100-foot waves possible offshore as Hurricane Teddy nears East Coast

James Marshall
September 24, 2020

By Monday afternoon, Teddy was southeast of Bermuda when it was downgraded to a Category 1 hurricane with winds reaching at least 119 kilometres per hour.

In an interview Sunday morning, the Canadian Hurricane Centre's Bob Robichaud said he didn't expect Teddy to have as much of an impact as Dorian did a year ago.

However, Jeremy March, also with the CHC, said there is a good chance the storm could change direction and have slightly different effects.

By late Monday, Teddy is expected to be picked up by a deep upper-level trough that will allow for a brief intensification.

Meteorologists are continuing to track the path of Hurricane Teddy, which is expected to bring with it rain and a lot of wind to parts of Newfoundland and Labrador beginning on Tuesday.

It is set to make landfall pre-sunrise Wednesday morning east of Halifax along the eastern shore regions of Nova Scotia, with wind, storm surge and rainfall warnings expected.

Environment Canada has also issued storm surge warnings for Nova Scotia's Atlantic coast, saying the storm will push huge waves into the area on Tuesday.

Accuweather senior meteorologist Steve Wistar previously told the Advance/SILive.com that waves churning from the storm's center will move westward towards the tri-state area - creating potentially rough surf, adding that swimmers getting caught in rip currents could be a concern.

The forecast track of Hurricane Teddy
The forecast track of Hurricane Teddy

Environment Canada says that means that tropical storm conditions are possible over parts of the region within 36 hours.

The fierce weather could also bring a storm surge for southwestern Newfoundland and the worst ocean waves on Wednesday, with large waves to begin building on Tuesday. Hamilton says that these waves would be roughly the height of the 7th storey on an apartment and will occur within a couple hundred kilometres south of the Scotian Shelf.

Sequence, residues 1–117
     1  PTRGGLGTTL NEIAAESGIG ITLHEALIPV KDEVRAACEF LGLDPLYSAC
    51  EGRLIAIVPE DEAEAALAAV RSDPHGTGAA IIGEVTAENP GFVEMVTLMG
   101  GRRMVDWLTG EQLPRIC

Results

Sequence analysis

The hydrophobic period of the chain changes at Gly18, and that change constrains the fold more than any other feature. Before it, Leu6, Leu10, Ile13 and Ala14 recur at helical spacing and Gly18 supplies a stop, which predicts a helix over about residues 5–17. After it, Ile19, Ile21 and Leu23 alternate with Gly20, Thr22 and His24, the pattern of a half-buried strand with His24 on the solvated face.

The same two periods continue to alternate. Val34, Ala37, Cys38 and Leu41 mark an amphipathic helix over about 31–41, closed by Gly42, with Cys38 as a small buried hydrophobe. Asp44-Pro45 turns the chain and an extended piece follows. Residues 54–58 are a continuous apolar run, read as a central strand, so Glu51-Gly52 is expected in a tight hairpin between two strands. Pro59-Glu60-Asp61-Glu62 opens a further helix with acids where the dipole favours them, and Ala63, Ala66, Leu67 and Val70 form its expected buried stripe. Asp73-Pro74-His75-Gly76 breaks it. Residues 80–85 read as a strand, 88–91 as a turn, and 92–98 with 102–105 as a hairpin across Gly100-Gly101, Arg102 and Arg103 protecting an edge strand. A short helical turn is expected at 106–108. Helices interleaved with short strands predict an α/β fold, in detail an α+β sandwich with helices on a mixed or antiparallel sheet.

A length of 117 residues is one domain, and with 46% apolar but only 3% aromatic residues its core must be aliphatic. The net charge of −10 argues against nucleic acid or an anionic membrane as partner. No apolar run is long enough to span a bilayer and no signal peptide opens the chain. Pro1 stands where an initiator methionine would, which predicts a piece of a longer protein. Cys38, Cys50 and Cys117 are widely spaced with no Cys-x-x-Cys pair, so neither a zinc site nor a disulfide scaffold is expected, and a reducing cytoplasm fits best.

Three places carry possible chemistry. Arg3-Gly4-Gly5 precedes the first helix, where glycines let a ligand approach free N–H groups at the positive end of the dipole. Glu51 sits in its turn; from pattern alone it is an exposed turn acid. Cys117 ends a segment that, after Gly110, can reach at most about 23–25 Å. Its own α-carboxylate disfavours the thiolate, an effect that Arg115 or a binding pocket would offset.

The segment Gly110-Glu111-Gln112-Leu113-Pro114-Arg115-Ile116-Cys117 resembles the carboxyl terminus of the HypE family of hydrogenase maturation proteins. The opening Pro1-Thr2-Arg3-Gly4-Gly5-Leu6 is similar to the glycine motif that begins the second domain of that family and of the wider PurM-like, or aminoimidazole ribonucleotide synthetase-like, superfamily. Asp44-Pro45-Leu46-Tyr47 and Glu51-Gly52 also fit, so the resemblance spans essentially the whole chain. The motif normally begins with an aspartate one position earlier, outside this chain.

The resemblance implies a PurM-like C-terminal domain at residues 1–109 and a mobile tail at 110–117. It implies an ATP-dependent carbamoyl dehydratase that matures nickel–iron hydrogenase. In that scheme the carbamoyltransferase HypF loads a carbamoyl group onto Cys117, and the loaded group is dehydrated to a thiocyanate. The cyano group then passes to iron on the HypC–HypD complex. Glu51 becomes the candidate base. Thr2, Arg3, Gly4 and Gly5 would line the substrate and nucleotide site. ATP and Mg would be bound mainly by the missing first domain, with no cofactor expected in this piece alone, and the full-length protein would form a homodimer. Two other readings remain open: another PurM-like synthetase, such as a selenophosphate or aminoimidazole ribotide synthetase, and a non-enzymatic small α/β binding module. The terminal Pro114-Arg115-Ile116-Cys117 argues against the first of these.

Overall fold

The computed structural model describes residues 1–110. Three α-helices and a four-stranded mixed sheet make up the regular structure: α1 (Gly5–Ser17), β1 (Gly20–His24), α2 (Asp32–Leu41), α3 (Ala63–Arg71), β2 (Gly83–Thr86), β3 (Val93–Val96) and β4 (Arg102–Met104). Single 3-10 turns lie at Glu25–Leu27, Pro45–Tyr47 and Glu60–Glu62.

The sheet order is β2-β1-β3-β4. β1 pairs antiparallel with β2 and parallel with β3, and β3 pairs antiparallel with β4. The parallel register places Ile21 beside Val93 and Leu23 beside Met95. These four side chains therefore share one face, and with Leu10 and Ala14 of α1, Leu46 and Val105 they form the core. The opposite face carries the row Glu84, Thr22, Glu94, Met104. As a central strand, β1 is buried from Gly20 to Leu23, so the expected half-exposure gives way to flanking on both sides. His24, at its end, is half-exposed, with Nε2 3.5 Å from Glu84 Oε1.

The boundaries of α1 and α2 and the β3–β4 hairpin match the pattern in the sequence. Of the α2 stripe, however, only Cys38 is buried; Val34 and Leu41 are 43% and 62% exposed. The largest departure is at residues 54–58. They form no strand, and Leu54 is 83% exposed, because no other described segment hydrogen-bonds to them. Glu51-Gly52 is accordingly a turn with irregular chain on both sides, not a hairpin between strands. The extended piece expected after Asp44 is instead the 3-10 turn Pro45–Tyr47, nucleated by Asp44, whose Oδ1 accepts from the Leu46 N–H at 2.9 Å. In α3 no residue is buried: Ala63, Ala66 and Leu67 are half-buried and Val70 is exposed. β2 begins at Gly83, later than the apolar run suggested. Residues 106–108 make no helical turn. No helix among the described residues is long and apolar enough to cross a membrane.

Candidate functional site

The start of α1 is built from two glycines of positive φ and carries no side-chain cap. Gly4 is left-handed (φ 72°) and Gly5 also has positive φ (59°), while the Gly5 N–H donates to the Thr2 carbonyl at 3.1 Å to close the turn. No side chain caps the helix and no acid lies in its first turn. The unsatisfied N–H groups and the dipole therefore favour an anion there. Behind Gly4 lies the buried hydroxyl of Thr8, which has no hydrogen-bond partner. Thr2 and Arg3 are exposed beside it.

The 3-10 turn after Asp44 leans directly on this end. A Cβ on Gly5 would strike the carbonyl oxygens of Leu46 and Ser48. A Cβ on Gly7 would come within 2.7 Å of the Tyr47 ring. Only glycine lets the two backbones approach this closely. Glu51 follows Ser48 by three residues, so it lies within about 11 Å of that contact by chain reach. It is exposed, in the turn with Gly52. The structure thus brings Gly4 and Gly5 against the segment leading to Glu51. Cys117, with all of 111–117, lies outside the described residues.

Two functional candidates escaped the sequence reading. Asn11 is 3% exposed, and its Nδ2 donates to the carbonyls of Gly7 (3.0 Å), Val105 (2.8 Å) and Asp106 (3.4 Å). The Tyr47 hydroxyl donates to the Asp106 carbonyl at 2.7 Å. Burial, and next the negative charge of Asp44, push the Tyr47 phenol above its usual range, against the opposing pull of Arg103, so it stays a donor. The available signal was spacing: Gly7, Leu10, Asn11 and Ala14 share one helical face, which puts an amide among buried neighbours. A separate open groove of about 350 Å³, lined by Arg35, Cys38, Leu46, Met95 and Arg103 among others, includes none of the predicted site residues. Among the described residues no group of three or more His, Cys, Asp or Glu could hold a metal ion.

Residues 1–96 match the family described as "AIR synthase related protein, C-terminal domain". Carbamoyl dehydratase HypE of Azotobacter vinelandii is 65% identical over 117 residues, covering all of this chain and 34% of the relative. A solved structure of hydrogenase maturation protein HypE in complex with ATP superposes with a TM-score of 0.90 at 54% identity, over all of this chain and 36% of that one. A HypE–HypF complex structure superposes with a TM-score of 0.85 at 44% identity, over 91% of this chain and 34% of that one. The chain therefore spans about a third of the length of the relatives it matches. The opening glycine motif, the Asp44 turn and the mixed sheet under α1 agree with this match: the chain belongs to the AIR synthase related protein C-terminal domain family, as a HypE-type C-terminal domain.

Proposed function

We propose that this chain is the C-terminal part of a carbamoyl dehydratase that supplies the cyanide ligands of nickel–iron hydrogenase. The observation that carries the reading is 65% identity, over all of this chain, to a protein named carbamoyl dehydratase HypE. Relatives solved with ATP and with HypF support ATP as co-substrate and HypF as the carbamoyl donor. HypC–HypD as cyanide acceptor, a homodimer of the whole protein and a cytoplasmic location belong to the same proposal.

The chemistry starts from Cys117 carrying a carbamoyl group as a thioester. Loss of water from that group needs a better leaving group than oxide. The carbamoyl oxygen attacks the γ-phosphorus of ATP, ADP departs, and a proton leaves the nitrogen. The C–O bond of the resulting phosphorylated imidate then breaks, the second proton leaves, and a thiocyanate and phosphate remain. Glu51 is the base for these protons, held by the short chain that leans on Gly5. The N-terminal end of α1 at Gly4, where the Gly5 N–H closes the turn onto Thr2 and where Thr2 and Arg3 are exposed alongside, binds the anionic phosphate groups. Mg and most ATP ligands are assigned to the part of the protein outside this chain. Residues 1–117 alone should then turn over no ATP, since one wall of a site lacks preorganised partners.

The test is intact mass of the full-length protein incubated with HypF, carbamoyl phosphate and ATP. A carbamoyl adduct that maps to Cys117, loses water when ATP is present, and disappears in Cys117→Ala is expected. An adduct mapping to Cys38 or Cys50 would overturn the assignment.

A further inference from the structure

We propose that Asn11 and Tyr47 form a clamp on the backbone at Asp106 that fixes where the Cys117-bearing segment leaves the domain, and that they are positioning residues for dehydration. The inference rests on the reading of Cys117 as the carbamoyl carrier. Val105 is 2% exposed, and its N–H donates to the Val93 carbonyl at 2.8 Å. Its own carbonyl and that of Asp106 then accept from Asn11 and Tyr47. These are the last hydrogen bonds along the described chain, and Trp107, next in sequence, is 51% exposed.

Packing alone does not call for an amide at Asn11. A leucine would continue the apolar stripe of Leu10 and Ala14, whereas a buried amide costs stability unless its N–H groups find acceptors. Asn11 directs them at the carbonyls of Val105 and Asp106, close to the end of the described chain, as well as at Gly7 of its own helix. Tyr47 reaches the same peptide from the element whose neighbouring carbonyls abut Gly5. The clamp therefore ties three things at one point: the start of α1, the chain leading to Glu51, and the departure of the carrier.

FIRE DANGER: With the ongoing drought, sunny skies Tuesday morning and early afternoon, very low humidity, and strong winds, there is an elevated fire risk for Tuesday and Wednesday. Parts of Nova Scotia - Halifax up through the central part of the province - are expecting to get 50-60 millimetres of rain and sustained winds of 65 kilometres per hour or greater.

Despite the reduction in wind speed, Teddy remains a large hurricane with its most powerful wind force extending up to 80 miles (130 km) from its centre of circulation.

Tropical-storm-force winds extend outward up to 230 miles (370 km).

The centre of the storm should land on the Atlantic coast around Wednesday afternoon, which is when the rest of Teddy will hit.

As the situation has the potential to be impactful, continue to check back for updates as we keep an eye on Teddy's movements.

Other reports by Click Lancashire

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